Back in March I published a post about how extraordinary claims require extraordinary evidence. While atheists often use this to argue against Christianity, the fact of the matter is that it argues against atheism. The claims of atheism are much more extraordinary than the claims of theism.


 

An individual responded to this post in the comments section, saying, “Yet, believers in GOD(s) forget that all human thoughts are man-made; thus, so is God.” This is so typical of the lazy and convoluted thinking characteristic of postmodern thought. Here is how I responded:


 

Your statement sounds like a bumper sticker: nice ring to it, but lacking in critical thought. What does it mean to say human thoughts are “man-made”? If you mean humans have the ability to generate thoughts, then what you have communicated is a tautology. The human ability to generate thought (“man-made”) is the definition of “human thoughts.” So saying human thoughts are man-made adds nothing to your original description. Ultimately, then you’re left arguing that since humans have the ability to generate thoughts about God, God must be a figment of our imagination.


But how does that follow? The implicit premise of your argument (that which is needed for your conclusion to follow your stated premise) is that if humans generate a thought about something, the object of our thought must be a figment of our own creation/imagination. Does this premise hold true for objects other than God? Do you apply this logic to food? I would imagine that you have had thoughts of eating pizza. Does this make the object of your thought (pizza) a figment of your imagination? Of course not. How absurd would it sound to argue that “all human thoughts are man-made; thus, so is pizza”? Pizza is an objective part of reality, and your ability to generate thoughts about it doesn’t make it any less so.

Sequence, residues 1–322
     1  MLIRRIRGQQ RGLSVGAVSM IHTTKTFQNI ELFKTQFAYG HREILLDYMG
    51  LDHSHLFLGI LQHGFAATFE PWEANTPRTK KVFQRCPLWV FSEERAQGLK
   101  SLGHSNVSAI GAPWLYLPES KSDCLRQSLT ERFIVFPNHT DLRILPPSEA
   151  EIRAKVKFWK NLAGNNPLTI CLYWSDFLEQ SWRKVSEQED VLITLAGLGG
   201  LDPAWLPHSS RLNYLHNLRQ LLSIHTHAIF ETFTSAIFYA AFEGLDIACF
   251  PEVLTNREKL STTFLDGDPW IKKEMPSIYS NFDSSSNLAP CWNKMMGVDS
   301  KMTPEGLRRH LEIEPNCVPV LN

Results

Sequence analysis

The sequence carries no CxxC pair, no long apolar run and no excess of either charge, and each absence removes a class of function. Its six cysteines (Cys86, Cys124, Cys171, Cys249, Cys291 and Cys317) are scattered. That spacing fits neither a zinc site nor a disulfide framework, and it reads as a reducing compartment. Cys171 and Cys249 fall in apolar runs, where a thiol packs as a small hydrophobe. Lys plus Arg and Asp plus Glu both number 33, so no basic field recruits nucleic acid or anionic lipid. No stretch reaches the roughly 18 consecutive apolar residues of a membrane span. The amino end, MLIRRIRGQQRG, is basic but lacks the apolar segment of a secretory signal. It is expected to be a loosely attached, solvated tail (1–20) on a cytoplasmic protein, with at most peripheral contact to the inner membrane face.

As a human thinker, you have the ability to generate thoughts about reality. If God exists in reality, then you would have the ability to generate thoughts about His existence just as you do pizza. I’m not saying the ability to think about God proves that God exists in reality, but rather that the ability to think about God cannot possibly be used to argue for His non-existence anymore than your ability to think about pizza argues for its non-existence. Your observation about the human ability to generate thoughts simply has no bearing on the question of whether God exists or not.


Using your logic, for God to be real we would have to lack the ability to think about Him. For the moment we were able to think about His existence He would cease to be real. That makes absolutely no sense at all.